While he hasn’t yet found permanent living space in Baltimore, Rabbi Larry Pinsker has already found a spiritual home at Congregation Beit Tikvah in Roland Park. Rabbi Pinsker, a native of Chicago who has resided and led congregations in San Antonio, New York City and Toronto, recently moved to Baltimore from Winnipeg, Canada, to become Beit Tikvah’s new rabbi. He’s glad to be there.
“Beit Tikvah has a wonderful reputation for being eclectic, creative and for congregants who have a great love of Judaism and the Jewish people,” said the rabbi.
“Beit Tikvah stresses that Judaism is not a consumer commodity and that the congregation itself isn’t a service station; it’s a congregation that takes ‘community’ as a positive and necessary element of Jewish identity. While I’m sure there are some members for whom the congregation, as it already exists, meets their needs, there’s also a significant group that views the congregation as a place where it can make important contributions to a work in progress.”
Rabbi Pinsker grew up in an Ortho-dox family and attended a secular university, where he studied biochemistry. Increasingly however, he found himself drawn to the study of the humanities, especially philosophy and religion. He was eventually persuaded to pursue rabbinical studies, and after in-depth exploration of other mainstream religious movements, he opted to enter the Reconstructionist Rabbinical College in Wyncote, Pa. He graduated with a doctor of divinity degree in 2001 and received another doctorate from the Jewish Theological Seminary in 2007.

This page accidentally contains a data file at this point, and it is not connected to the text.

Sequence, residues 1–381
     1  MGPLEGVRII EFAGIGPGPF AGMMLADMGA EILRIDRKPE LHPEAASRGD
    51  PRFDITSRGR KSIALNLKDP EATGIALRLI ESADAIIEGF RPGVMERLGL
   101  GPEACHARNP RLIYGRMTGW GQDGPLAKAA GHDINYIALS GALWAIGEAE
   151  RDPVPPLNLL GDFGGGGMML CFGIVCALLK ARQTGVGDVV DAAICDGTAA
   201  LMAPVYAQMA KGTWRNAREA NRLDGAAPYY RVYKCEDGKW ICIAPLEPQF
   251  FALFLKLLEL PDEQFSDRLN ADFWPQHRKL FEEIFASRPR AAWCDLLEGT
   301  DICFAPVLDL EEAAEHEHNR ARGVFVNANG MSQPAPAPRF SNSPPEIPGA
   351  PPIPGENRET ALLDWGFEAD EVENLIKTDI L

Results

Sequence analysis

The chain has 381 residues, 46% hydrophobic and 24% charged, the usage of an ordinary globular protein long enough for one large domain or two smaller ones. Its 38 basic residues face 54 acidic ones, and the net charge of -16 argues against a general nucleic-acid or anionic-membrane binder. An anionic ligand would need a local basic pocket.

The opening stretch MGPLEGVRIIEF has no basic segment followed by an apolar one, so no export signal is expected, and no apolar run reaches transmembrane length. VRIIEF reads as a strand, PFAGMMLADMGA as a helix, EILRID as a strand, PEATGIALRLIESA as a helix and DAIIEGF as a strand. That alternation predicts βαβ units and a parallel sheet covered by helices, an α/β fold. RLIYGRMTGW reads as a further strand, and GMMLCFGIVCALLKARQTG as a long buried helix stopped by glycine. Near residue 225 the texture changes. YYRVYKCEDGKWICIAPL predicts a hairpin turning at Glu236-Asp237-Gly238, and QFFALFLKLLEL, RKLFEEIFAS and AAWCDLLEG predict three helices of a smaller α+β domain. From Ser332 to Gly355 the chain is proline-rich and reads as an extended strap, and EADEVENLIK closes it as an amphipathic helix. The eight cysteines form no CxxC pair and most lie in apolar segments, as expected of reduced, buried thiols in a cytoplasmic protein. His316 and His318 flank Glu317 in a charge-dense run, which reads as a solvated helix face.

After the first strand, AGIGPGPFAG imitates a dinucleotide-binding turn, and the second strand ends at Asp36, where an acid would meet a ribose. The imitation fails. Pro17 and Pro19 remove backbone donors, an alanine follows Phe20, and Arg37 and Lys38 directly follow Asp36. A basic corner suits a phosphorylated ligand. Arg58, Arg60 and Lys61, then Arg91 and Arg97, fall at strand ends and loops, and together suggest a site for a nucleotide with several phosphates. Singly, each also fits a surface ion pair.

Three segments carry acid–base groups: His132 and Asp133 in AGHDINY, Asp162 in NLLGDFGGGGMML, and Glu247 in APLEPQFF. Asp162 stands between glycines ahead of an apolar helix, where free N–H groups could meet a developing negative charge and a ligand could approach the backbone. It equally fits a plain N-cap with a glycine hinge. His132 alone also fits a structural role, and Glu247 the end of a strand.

Rabbi Pinsker said he was attracted to Reconstructionism because he saw [in it] an appreciation and love for all other denominations of Judaism.
“There are strengths and weaknesses in all the movements, and there is something vast and rich and rewarding to be found in all of them,” said Rabbi Pinsker. “Reconstructionism is not dismissive of other movements, and it does not exclude people on the margins because of the ways they express their humanity. I’ve seen too much good in the hearts of those people. That struck a chord with my youthful heart.”
While he values traditional Judaism immensely, Rabbi Pinsker sees Beit Tikvah as “the home of Jews who see Judaism and the Jewish people as continuing to develop and who re-imagine what being a Jew and doing Judaism can mean.”
“They don’t view Judaism as a finished product, but rather as an emergent property of the relationship between Jews and their heritage of having encountered God,” said Rabbi Pinsker. “[From that relationship,] they can turn their experiences and insights toward making a difference in life for themselves and the rest of the world.”
Rabbi Pinsker is extremely impressed with Beit Tikvah’s Kesher School.
“It’s a remarkable Hebrew School that seems to have found a loyal and growing base among members, as well as some nonmembers, seeking a creative, inspiring and motivating place for Jewish learning,” he said. “I’m awed by the steadfast commitment to the betterment of humanity I see at Beit Tikvah.”
To learn more about Congregation Beit Tikvah, visit beittikvah.org.